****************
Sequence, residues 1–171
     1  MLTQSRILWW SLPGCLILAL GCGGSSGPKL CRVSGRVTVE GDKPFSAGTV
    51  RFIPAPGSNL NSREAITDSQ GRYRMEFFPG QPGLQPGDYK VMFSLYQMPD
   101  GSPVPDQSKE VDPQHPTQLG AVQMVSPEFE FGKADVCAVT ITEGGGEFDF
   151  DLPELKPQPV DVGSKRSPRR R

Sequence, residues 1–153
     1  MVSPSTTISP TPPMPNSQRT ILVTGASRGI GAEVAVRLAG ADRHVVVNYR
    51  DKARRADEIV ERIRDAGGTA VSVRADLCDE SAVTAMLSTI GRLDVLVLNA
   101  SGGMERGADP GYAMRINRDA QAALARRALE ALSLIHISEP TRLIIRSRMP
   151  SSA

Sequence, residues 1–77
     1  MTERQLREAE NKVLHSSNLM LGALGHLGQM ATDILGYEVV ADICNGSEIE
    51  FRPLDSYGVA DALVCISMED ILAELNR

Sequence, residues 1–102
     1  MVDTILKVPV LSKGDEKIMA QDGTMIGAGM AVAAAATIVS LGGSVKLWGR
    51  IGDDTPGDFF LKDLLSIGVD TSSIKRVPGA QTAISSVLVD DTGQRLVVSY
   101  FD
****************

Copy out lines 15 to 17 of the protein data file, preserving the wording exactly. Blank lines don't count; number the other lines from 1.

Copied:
     1  MVDTILKVPV LSKGDEKIMA QDGTMIGAGM AVAAAATIVS LGGSVKLWGR
    51  IGDDTPGDFF LKDLLSIGVD TSSIKRVPGA QTAISSVLVD DTGQRLVVSY
   101  FD